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How to Set Up a Certificate Authority on Ubuntu

A Certificate Authority is an entity in PKI whose responsibility is to issue, revoke, and maintain the database of digital certificates used to prove the identity of the object over a public or private network. Public CAs (Certificate Authority) are predominantly used to verify the identities of the websites and other web services. However, medium to large size organizations uses their own private CAs on their internal network to secure their network infrastructure. This post will guide you how to set up a Certificate Authority on Ubuntu using a built-in utility called OpenSSL. We also cover how to create a CSR (Certificate Signing Request) and issue a certificate on using your new CA for the CSR. Let’s begin.

What Is A PKI System?

Public Key Infrastructure, in short PKI, is a set of hardware, software, encryption technologies, and services used to create, manage, distribute, use, store and revoke digital certificates. The main purpose of the PKI system is to provide secure communication across the network by verifying the identities of legitimate resources.

What Is Certificate Authority?

A Certificate Authority is one of the main entities in PKI, whose responsibility is to issue, revoke, and maintain the database of digital certificates which are used to prove the identity of the object over a public or private network. The primary role of the CA is to digitally sign and publish a public key (certificate) bound to a given user, machine, application, and entity. 

Note: PKI is itself often used as a synonym for a CA implementation. Moreover, the term trusted third party (TTP) might also be used for certificate authority (CA).

What Is OpenSSL?

OpenSSL is a robust, commercial-grade, and full-featured software library which offers Transport Layer Security (TLS) and Secure Sockets Layer (SSL) services for applications. OpenSSL can be used in various tasks. It can be used to create cryptographic keys (private and public key pair), it can use be used as a full-stack Certificate Authority CA to issue the requested certificates. Moreover, it can also be used to generate self-signed and code signed certificates too. However, In this post, You will learn how to set up a Certificate Authority using OpenSSL.

OpenSSL is an open-source and cross-platform application available for Linux, Windows, macOS, and BSD systems. You can set up a Certificate Authority on any platform on which you will have OpenSSL.

Prerequisites To Set Up A Certificate Authority On Ubuntu

The prerequisites required to set up a certificate authority are very minimal. You just need a physical or virtual machine running Ubuntu. Anyways, OpenSSL is included in the default packages, so you may not be required to install it. You can make sure of the installation of OpenSSL by checking its version command.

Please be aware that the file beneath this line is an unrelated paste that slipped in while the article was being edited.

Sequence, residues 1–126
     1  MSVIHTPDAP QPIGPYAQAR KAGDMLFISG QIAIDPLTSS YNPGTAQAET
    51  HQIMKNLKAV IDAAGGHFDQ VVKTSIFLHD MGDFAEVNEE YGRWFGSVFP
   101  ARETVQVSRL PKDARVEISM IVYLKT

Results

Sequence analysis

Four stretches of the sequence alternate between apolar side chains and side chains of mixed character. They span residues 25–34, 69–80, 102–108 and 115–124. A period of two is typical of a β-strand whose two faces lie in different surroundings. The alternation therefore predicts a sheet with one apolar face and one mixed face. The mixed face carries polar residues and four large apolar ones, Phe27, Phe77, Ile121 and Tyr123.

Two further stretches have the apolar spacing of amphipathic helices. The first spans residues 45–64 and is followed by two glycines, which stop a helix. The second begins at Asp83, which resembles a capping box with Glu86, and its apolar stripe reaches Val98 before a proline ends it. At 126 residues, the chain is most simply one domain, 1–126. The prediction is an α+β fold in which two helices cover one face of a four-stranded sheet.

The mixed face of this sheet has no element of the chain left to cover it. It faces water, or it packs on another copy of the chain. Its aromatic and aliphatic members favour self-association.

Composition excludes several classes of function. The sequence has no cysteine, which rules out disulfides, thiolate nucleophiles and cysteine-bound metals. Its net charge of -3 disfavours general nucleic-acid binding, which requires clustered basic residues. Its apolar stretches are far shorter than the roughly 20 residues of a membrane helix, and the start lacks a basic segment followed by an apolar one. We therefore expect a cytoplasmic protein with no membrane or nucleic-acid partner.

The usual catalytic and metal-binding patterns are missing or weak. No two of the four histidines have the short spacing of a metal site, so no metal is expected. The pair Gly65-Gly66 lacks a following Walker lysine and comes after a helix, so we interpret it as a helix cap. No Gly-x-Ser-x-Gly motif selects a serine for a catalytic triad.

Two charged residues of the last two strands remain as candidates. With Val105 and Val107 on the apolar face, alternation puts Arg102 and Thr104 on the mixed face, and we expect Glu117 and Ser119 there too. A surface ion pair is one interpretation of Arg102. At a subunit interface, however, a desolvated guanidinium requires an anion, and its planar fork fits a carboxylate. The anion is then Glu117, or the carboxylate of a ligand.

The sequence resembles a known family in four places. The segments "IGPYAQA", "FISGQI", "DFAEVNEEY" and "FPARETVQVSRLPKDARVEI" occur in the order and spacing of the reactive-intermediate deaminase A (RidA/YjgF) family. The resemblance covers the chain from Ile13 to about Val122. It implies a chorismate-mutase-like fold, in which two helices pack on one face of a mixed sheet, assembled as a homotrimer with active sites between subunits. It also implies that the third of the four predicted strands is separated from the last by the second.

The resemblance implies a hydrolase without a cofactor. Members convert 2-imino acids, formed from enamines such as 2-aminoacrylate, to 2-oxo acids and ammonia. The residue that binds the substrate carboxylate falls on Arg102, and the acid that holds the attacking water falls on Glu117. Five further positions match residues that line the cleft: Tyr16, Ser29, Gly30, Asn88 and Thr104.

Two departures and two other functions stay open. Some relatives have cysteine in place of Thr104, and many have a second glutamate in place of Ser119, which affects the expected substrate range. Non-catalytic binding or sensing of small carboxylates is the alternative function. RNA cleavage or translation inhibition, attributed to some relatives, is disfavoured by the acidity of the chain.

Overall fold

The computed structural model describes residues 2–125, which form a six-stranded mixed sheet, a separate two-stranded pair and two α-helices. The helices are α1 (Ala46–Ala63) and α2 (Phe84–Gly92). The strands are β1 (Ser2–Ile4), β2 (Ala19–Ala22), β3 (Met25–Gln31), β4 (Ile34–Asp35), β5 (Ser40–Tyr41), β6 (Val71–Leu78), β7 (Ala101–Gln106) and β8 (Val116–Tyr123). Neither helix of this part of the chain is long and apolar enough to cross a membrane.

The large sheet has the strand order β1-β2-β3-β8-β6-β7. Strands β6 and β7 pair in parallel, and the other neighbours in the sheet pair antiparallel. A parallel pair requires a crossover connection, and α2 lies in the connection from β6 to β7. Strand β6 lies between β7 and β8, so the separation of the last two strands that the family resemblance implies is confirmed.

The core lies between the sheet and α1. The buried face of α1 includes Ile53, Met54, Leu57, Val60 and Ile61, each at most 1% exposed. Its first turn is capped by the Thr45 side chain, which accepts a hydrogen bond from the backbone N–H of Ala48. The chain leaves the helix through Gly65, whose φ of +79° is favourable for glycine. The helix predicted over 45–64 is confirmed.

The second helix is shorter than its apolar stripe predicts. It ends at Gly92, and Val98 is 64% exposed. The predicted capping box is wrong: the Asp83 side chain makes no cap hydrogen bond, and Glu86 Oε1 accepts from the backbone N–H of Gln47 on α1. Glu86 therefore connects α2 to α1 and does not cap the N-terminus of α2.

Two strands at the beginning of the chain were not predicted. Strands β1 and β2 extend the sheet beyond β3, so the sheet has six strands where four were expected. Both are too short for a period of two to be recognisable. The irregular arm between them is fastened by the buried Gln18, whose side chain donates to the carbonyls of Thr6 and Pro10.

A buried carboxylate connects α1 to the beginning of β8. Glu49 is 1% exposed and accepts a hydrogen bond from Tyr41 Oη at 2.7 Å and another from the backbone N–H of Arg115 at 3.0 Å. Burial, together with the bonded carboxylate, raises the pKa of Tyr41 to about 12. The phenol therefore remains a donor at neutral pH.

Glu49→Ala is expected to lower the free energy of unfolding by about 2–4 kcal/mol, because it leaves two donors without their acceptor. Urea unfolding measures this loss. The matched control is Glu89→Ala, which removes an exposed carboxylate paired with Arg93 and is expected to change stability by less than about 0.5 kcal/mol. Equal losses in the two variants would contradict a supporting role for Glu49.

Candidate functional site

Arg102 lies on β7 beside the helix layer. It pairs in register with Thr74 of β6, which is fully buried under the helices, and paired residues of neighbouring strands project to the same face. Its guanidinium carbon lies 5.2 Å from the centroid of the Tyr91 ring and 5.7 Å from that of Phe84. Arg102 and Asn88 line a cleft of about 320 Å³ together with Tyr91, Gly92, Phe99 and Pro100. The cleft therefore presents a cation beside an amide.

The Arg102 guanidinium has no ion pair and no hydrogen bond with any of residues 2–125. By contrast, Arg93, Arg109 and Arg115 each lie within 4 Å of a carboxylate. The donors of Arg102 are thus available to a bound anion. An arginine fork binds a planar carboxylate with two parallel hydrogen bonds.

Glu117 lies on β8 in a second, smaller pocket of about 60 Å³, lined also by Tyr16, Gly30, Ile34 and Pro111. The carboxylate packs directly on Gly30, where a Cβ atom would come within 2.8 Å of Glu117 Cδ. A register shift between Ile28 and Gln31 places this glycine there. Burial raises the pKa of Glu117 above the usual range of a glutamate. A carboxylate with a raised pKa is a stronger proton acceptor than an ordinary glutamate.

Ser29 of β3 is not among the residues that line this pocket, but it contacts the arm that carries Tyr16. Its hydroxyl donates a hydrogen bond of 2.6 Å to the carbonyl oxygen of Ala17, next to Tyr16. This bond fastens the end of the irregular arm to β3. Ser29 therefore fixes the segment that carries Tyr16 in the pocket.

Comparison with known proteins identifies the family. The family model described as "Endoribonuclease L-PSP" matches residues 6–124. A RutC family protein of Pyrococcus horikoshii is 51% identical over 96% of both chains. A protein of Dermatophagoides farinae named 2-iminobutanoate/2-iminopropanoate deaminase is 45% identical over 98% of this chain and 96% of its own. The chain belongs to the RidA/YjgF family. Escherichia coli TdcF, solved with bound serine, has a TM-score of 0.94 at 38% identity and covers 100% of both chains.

$ openssl version -a

If in case you don’t see OpenSSL installed on your Ubuntu. Run this command to install OpenSSL on Ubuntu.

$ sudo apt install openssl 

Procedure To Set Up A Certificate Authority On Ubuntu

How to set up a certificate authority on Ubuntu?

  1. Update the repository in Ubuntu

    Start the process with repository and system upgrade.

    $ sudo apt update && sudo apt upgrade

    $ sudo apt update && sudo apt upgrade

  2. Install NTP on Ubuntu

    Run this command to install NTP on Ubuntu:

    $ sudo apt install ntp

    You can see the list of NTP servers your machine sync with. Run this command to see the list.

    $ ntpq -p


    Install NTP on Ubuntu

  3. Create files and folders to set up certificate authority on ubuntu

    It is better to organize the new CA with dedicated folders. Let’s create some directories and files required to set up certificate authority on Ubuntu.

    Create a directory that serves as the root directory for the CA.
    $ sudo mkdir /root/ca/

    Create five more directories underneath ‘ca’ directory.

    Create ‘certs’ directory to store issued certificates.
    $ sudo mkdir /root/ca/certs/

    Create ‘CRL’ directory to store Certificate Revocation List.
    $ sudo mkdir /root/ca/crl/

    Create optional directory ‘newcerts’ to store new certificates.
    $ sudo mkdir /root/ca/newcerts/

    Create a directory ‘private’ to store private keys.
    $ sudo mkdir /root/ca/private/

    Create a dedicated directory ‘requests’ to store certificate requests or CSRs.
    $ sudo mkdir /root/ca/requests/

    Create ‘index.txt’ which act as a database for issued certificates.
    $ sudo touch /root/ca/index.txt

    Create an empty file named ‘serial’ which stores the next serial number of the certificate. Switch to superuser mode to create the file.